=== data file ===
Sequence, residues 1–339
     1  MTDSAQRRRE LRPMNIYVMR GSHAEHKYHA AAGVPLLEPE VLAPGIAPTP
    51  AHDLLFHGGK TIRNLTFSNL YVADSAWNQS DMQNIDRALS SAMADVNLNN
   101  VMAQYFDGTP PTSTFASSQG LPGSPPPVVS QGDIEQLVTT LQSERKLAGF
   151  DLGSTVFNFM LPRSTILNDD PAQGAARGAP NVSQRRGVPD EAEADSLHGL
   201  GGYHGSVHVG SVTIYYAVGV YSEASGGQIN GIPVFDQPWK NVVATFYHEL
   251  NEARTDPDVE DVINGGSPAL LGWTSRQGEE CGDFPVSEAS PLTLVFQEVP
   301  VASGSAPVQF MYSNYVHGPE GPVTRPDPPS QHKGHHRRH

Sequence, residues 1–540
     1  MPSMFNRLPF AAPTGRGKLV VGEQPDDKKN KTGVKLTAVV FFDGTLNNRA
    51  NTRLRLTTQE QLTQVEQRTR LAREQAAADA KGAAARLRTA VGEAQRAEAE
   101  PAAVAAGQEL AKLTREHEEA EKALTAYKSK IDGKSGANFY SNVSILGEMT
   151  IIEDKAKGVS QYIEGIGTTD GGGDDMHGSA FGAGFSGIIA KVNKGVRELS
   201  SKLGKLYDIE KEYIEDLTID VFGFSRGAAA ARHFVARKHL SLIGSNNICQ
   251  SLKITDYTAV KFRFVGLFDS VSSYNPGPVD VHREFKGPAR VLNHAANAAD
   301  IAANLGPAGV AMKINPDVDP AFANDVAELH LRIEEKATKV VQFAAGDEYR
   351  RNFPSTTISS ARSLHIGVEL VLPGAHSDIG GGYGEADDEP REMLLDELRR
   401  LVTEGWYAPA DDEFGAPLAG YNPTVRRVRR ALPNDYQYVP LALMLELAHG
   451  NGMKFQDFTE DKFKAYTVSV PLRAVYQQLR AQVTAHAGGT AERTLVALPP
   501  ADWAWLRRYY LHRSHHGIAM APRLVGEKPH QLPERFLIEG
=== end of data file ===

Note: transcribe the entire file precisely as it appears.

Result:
Sequence, residues 1–339
     1  MTDSAQRRRE LRPMNIYVMR GSHAEHKYHA AAGVPLLEPE VLAPGIAPTP
    51  AHDLLFHGGK TIRNLTFSNL YVADSAWNQS DMQNIDRALS SAMADVNLNN
   101  VMAQYFDGTP PTSTFASSQG LPGSPPPVVS QGDIEQLVTT LQSERKLAGF
   151  DLGSTVFNFM LPRSTILNDD PAQGAARGAP NVSQRRGVPD EAEADSLHGL
   201  GGYHGSVHVG SVTIYYAVGV YSEASGGQIN GIPVFDQPWK NVVATFYHEL
   251  NEARTDPDVE DVINGGSPAL LGWTSRQGEE CGDFPVSEAS PLTLVFQEVP
   301  VASGSAPVQF MYSNYVHGPE GPVTRPDPPS QHKGHHRRH

Sequence, residues 1–540
     1  MPSMFNRLPF AAPTGRGKLV VGEQPDDKKN KTGVKLTAVV FFDGTLNNRA
    51  NTRLRLTTQE QLTQVEQRTR LAREQAAADA KGAAARLRTA VGEAQRAEAE
   101  PAAVAAGQEL AKLTREHEEA EKALTAYKSK IDGKSGANFY SNVSILGEMT
   151  IIEDKAKGVS QYIEGIGTTD GGGDDMHGSA FGAGFSGIIA KVNKGVRELS
   201  SKLGKLYDIE KEYIEDLTID VFGFSRGAAA ARHFVARKHL SLIGSNNICQ
   251  SLKITDYTAV KFRFVGLFDS VSSYNPGPVD VHREFKGPAR VLNHAANAAD
   301  IAANLGPAGV AMKINPDVDP AFANDVAELH LRIEEKATKV VQFAAGDEYR
   351  RNFPSTTISS ARSLHIGVEL VLPGAHSDIG GGYGEADDEP REMLLDELRR
   401  LVTEGWYAPA DDEFGAPLAG YNPTVRRVRR ALPNDYQYVP LALMLELAHG
   451  NGMKFQDFTE DKFKAYTVSV PLRAVYQQLR AQVTAHAGGT AERTLVALPP
   501  ADWAWLRRYY LHRSHHGIAM APRLVGEKPH QLPERFLIEG